Race Preview: 2016 Eola Hills Wine Cellars “No Hills” Harvest Run

There are those runners who love races that have hills mixed in them. There there are the sane runners who just want to run flat and straight. With a business name like Eola Hills Wine Cellars, one would think to expect a race at their location to be full of elevation changes. However, that is a little misleading, as the November 12th race, put on by the Willamette Valley Road Runners is called the Eola Hills Wine Cellars “No Hills” Harvest 10K Run & 5K Run/Walk.

Check out a recap of a past event here. The out-and-back 10k starts in the parking lot and heads south on the well paved bike path that runs along side Highway 99W. I love to run in this area, as this path is well maintained, super straight, and goes on for miles (it actually goes all the way to Monmouth and is a great place to get a lot of flat mileage with good views). Once runners hit Orrs Corner Road, they will take a right to head West and cross the railroad tracks. One large curve will place runners onto Bowersville Road and near the turnaround point, just past the steel bridge. The 5k will be primarily the same, but feature a turnaround point just south on Riddell Road (off of Orrs Corner).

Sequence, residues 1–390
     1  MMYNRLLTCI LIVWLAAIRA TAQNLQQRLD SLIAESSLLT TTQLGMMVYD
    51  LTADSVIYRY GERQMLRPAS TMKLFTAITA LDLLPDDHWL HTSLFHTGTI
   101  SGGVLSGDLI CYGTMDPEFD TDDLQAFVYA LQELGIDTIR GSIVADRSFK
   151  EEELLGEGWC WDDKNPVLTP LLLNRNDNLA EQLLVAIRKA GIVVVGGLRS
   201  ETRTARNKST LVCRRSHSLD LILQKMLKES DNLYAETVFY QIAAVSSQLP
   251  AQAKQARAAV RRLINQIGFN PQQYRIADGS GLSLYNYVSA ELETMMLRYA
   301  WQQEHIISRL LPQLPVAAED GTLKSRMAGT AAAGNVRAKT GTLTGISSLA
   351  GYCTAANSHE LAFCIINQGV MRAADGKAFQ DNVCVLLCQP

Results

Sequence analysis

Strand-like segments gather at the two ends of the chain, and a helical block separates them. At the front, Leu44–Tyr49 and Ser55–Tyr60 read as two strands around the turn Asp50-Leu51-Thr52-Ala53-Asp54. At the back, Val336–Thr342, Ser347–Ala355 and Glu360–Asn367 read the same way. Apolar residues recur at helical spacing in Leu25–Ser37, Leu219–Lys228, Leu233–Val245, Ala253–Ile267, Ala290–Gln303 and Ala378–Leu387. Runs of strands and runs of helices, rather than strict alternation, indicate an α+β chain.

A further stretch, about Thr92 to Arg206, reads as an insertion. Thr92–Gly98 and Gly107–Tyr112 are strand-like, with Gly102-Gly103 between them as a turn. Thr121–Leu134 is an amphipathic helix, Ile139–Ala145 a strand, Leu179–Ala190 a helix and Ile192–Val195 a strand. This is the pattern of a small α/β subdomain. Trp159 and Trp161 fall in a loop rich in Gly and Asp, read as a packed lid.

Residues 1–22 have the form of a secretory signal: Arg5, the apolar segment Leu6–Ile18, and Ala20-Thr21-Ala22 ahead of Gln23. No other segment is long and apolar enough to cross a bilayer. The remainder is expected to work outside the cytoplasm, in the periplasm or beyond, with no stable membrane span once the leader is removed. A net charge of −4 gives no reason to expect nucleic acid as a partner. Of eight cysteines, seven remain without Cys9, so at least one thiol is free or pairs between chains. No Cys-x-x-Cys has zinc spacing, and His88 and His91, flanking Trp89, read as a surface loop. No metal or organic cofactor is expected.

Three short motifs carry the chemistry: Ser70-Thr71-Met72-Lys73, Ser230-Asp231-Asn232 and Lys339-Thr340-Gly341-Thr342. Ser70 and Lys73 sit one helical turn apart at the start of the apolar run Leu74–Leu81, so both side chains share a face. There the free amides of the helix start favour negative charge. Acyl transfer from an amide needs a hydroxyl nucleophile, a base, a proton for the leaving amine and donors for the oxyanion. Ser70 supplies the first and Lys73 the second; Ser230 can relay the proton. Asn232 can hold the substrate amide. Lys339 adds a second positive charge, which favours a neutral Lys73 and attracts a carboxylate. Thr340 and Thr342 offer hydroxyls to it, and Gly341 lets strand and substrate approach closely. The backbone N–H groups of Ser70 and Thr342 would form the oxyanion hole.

The pretty wine room at Eola Hills Winery. – Photo by Angela Keith

While there may be no hills, there is the risk of wet and stormy weather (it is November after all). But fear not, at least you will only be running it, as the pre and post race activities have been inside the warm and cozy confines of the winery itself.  After your run, refuel with delicious Mid-Valley wine (along with beer, soda, and water – but come on…the obvious choice is wine). The fee will also include a slice of on-site made pizza.

Proceeds from the run will be shared by the Track & Field and Cross Country programs at Dallas and Central High Schools. This race typically sells out, so register ASAP!

When: 9a
Where: Eola Hills Wine Cellars (501 S Pacific Hwy W)
Register: Online here; $35
About Author

Matt Rasmussen lives in Keizer, Ore. with his wife and three daughters. He enjoys watching hockey, going to as many breweries (618) and wineries (152) as he can, and all things Canada (he was born there). Matt was raised as a baseball player and officially transitioned over to running in 2010.

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